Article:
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1846 Bradford Map of Boston, Massachusetts

Boston. - Main View

1846 Bradford Map of Boston, Massachusetts


Exceptional map of Boston on the cusp of its landfill transformation into a modern metropolis.



  1846 (dated)     12.5 x 14.5 in (31.75 x 36.83 cm)     1 : 19500


A beautiful example of Thomas G. Bradford's stunning 1846 map of Boston on the cusp of its transformation, via landfills and railroads, from a colonial port to a major metropolitan center. The cartographer uses shading to indicate areas of development and color coding to identify the 12 city wards in Boston Proper. He also names most piers and docks. Important buildings ranging from schools to the state house are identified. In South Boston, the legendary poorhouses, the 'House of Industry' and the 'House of Reformation' are noted.

The map centers on the Shawmut Peninsula or Boston proper. It is surrounded by Cambridge, Charleston, East Boston, and South Boston, all of which follow, with some consistency, their original shorelines and are connected to Boston Proper via a network of bridges and ferries. Numerous bridges and rail lines are noted, some remarkably extending straight through open water, particularly in the Back Bay area. Likewise, the boundary between Boston and Roxbury literally extends into open water, giving a clear message of the plans already in place by the city governance.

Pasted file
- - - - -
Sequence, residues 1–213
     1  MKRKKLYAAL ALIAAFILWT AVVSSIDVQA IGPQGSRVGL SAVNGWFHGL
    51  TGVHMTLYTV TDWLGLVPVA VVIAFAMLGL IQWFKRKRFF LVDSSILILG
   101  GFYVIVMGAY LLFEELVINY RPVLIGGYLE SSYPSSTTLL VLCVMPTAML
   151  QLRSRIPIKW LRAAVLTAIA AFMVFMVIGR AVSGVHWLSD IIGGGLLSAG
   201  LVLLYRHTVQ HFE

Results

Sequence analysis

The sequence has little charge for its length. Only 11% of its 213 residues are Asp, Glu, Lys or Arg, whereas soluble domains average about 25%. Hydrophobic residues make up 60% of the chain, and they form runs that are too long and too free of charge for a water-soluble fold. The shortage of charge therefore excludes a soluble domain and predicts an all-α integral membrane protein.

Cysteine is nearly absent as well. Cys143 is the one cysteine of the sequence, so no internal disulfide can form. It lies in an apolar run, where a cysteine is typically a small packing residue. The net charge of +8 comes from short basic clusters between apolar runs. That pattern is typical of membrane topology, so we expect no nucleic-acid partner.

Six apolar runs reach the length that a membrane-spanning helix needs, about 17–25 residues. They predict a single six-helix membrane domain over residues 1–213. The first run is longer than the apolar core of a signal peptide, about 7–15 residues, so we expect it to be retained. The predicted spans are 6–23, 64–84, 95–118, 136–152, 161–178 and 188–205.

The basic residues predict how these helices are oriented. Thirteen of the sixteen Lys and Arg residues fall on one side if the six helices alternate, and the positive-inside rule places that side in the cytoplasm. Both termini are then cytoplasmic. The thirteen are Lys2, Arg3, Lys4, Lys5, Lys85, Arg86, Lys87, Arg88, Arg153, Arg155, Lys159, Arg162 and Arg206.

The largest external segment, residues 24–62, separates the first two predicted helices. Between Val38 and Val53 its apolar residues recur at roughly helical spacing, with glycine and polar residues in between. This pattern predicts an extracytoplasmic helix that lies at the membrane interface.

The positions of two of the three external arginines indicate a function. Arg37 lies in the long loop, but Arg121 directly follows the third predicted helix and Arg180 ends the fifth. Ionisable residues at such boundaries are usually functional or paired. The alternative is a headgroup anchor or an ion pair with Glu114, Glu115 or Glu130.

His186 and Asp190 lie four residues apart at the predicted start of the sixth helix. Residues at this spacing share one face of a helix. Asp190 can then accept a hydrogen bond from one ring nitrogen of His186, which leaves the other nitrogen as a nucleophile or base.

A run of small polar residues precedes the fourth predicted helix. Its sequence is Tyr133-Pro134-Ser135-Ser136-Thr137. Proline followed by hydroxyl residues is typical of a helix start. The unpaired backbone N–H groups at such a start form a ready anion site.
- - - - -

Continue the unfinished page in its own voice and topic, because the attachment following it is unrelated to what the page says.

This map was engraved by C. W. Boynton and published in the 1846 edition of Bradford's A Universal Illustrated Atlas, exhibiting a Geographical, Statistical, and Historical view of the World


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